TR: So so true. I moved here on a whim in search for something bigger and better than Lynchburg, Virginia. I loved it there but I was so restless and I dreamed of bigger things so I quit my job and moved. I have not regretted it since. The energy here is infectious and just like the trash and pollution remind you of Asia, the crowds and trash remind me of Lagos, Nigeria my hometown.
ET: Love it! I can completely relate! I'll be back in NYC for sure!
TR: Do it! So we have covered your favorite city to live in. What are your favorite countries to visit?
ET: Spain is definitely my favorite country to visit for its vibrant lifestyle, culture, and people. I feel like I'm on an eternal vacation there. In the future, I would love to live and work in London and maybe for a change, a small tranquil town like Verona, Italy.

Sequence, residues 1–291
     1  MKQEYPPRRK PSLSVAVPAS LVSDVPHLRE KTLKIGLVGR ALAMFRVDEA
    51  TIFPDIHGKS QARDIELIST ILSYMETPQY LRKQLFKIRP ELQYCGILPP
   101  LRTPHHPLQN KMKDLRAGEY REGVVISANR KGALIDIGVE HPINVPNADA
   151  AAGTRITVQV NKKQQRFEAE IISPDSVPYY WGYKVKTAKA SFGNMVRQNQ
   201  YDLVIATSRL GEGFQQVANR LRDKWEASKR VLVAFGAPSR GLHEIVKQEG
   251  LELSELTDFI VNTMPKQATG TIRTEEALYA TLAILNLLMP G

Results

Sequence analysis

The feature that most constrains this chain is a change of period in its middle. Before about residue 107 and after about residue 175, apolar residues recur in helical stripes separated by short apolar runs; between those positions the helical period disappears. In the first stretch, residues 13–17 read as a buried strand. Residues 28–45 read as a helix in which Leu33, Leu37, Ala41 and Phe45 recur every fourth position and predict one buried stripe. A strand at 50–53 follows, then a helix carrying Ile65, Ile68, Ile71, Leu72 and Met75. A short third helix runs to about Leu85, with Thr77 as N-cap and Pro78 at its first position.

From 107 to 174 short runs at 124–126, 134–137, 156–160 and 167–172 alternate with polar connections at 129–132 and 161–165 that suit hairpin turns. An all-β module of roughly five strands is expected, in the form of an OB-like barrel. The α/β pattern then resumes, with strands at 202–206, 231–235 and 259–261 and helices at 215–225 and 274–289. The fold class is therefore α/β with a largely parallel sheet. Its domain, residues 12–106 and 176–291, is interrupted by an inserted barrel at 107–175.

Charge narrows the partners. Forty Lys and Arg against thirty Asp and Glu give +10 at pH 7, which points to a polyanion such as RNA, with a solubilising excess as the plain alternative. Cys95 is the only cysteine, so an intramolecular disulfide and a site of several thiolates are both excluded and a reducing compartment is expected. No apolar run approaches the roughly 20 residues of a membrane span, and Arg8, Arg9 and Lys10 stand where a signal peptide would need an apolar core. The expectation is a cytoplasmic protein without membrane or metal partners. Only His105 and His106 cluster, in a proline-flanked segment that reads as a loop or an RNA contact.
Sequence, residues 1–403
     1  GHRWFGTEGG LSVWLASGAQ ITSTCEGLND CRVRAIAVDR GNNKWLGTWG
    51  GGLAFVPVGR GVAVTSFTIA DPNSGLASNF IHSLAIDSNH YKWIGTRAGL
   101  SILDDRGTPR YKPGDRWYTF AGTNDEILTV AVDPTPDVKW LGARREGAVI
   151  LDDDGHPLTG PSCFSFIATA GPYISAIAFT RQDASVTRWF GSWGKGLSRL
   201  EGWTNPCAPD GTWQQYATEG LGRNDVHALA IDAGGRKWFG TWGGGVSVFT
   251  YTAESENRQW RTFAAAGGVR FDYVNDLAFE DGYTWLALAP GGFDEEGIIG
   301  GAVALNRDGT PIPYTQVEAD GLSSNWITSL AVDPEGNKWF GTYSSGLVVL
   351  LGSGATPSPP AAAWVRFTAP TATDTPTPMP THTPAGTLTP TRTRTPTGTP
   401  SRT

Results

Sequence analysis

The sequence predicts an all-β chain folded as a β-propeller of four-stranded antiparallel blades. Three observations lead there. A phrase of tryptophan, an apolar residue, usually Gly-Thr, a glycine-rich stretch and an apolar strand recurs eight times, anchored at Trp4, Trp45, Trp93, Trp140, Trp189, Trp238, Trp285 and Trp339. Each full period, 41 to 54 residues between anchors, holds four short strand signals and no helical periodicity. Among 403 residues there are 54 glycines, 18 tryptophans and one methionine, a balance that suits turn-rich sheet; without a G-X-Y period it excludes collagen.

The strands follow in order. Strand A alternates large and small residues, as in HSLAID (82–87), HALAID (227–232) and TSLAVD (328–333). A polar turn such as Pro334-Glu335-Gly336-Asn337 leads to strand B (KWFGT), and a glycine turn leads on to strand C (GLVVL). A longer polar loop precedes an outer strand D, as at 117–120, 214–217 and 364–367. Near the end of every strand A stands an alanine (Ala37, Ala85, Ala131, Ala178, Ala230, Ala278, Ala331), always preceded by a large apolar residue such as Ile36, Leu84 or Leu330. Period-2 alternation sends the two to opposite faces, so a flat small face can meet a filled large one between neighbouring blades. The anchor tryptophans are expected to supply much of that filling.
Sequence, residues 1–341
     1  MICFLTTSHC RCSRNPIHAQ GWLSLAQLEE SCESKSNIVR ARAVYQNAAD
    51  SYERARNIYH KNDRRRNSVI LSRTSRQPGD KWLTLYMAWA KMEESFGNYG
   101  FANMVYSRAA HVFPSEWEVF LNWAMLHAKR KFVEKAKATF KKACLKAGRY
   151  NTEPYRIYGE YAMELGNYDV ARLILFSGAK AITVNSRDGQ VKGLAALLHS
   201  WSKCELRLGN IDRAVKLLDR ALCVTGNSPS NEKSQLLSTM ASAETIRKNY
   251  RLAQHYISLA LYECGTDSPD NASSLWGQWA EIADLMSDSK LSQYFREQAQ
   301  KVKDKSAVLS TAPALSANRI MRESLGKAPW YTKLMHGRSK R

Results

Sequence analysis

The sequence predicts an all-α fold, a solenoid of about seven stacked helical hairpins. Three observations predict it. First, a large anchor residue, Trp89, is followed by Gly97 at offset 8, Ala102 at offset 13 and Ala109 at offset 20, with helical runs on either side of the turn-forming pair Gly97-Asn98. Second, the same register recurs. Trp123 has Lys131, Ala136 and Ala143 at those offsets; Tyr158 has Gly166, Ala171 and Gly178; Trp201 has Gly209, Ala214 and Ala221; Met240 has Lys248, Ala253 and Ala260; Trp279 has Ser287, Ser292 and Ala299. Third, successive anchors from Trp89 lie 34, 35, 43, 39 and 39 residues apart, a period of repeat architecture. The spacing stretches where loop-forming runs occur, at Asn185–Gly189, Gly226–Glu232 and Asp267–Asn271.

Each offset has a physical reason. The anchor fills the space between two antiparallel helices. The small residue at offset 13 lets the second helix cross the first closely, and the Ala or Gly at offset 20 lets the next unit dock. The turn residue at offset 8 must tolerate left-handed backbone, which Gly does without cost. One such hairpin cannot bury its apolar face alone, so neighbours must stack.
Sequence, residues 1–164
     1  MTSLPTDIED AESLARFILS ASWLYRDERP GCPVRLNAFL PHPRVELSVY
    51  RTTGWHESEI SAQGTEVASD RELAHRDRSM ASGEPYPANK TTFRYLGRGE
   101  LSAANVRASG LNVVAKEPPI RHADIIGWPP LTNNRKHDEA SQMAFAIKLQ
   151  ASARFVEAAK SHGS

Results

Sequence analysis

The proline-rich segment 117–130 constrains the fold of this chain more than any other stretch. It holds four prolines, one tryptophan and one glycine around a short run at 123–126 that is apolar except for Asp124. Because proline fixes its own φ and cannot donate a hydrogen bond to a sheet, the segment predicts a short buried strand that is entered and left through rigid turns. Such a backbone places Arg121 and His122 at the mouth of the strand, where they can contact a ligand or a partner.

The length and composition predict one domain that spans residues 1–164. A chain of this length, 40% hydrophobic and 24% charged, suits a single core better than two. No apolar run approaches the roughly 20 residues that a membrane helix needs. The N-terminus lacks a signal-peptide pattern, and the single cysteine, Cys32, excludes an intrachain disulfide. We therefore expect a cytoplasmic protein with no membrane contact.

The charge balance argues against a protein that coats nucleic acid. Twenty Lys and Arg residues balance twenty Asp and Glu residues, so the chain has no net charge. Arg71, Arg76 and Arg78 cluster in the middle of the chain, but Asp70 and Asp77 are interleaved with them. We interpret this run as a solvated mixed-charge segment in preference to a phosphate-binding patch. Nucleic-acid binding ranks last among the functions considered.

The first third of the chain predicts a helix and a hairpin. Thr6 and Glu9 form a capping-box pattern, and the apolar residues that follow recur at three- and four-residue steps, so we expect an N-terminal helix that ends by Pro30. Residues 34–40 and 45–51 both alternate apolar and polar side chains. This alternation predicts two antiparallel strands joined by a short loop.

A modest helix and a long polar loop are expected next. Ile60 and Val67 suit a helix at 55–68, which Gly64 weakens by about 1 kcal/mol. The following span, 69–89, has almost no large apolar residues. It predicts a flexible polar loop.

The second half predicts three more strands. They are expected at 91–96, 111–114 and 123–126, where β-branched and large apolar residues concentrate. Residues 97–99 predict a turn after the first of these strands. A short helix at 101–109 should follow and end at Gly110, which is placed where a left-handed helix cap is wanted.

TR: Nice Nice. Transitioning here, how do you think TCK will influence the workplace in the future and globalization in general?
ET: With Tim Ferriss's book 4-Hour-Week, more and more people are switching to working online and adapting a TCK nomadic lifestyle. There's also a blooming of virtual and distributed companies where the culture is innovative such as the social media start-up Buffer. Overall, I'm just happy with this trend. It shows that anything is possible. Travel can be a lifestyle, not just reserved for vacations.
One of my favorite quote is “To travel is to discover that everyone is wrong about other countries."